To put it mildly, 2020 has been a difficult year. The U.S. has experienced a once-in-a-century pandemic, a severe economic recession, civil unrest, and a bitterly contested election. Even still, if you’re an independent insurance agency owner thinking about selling the agency, experts agree that this is a good time to do it.
For one thing, the pace of mergers and acquisitions activity has weathered the changes. OPTIS Partners, a brokerage that represents agency sellers, recently reported that M&A activity for 2020 year to date is down 7%. A 25% plunge in transactions in the second quarter was partly offset by strong activity in the first and third quarters. The report predicted a continuation of the third quarter pace, with some owners selling this year out of fear of a possible capital gains tax hike following the election.
Selling prices have held steady and even increased slightly, according to consulting firm MarshBerry. Dan Menzer, an M&A advisor with OPTIS Partners and a Certified Public Accountant, says that buyers are showing some caution, however: “We have seen some where buyers are presenting offers with stated EBITDA (Earnings Before Interest, Taxes, Depreciation and Amortization) multiples, but ‘holding back’ some for 12 months if the seller is able to deliver at least a flat revenue or EBITDA level.”
The quality of the agencies for sale is little changed from the past few years. “In 2018 & 19 there were junky agencies for sale and good ones, and the same holds true now,” says Jon Persky, CPA, CIC, PHR of Optimum Performance Solutions, an agency brokerage. Other factors are driving owners to sell, including their advancing ages. “COVID has perhaps accelerated the timeframe of aging out baby boomers.”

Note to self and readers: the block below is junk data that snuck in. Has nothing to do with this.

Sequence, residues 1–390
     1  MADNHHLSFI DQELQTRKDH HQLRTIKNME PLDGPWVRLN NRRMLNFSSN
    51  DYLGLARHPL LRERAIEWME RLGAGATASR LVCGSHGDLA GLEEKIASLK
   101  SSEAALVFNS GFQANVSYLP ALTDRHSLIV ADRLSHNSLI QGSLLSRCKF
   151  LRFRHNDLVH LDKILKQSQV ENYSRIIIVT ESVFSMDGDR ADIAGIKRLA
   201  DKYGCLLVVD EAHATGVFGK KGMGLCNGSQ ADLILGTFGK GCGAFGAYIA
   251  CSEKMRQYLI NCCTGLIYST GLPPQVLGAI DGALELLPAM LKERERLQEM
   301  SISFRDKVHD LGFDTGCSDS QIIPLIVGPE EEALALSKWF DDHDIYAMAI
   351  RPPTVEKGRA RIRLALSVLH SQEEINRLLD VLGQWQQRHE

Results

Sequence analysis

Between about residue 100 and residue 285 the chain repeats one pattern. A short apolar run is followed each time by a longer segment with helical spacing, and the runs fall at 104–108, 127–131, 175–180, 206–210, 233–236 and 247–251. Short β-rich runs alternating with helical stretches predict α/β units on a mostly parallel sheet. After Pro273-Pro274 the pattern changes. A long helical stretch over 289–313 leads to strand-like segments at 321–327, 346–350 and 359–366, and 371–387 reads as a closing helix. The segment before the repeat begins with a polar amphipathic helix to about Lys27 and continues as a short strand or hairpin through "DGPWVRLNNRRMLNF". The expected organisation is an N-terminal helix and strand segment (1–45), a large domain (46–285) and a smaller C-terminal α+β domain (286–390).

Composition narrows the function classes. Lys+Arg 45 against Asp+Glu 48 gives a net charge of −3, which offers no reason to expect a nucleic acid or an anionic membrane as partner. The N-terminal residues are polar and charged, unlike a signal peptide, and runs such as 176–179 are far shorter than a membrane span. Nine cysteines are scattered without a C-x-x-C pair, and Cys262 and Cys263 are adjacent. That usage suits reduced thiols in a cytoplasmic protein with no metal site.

Agencies with a personal lines focus have been busier this year despite the economic downturn, boosting their profits and making them more attractive to buyers. Persky notes that, because so many people have been working from home, agencies are finding it easier to contact their customers and build relationships. The agencies that may have a more difficult time in the market are those that have focused on hospitality businesses – restaurants and hotels – and concert venues. These agencies, Menzer says, “have likely not felt the full effect of shutdowns yet, and it may take another 6-9 months for this to work its way through the renewal cycle.”
The current low interest rate environment is also a boon for agency sales: “I have preached in the past that low interest rates equal higher valuations,” says Marc Greene of General Insurance Brokerage, “and I believe that to be the same in the current environment.”
Private equity firms remain active buyers. Persky says a month doesn’t go buy where he doesn’t hear from a PE firm wanting his advice. They like the industry for its low capitalization, high customer retention rate and predictable earnings, Menzer says. And purchase loans are still available; Greene says lenders are eager to lend for good acquisitions. Persky sees a little more caution from lenders; they are “doing a deeper dive into the makeup of the client base.”
This remains a good time to sell, says Greene: “I don’t really see that changing anytime soon.” Persky advises agencies to sell now if their time horizon is short because “it all comes down to taxes.” If Congress raises tax rates, agencies will need increased revenues to make the same profits. The important thing for sellers, Menzer says, is to find a partner who will give them professional guidance on the sales process. Well-prepared agencies who get expert help can expect to command attractive offers.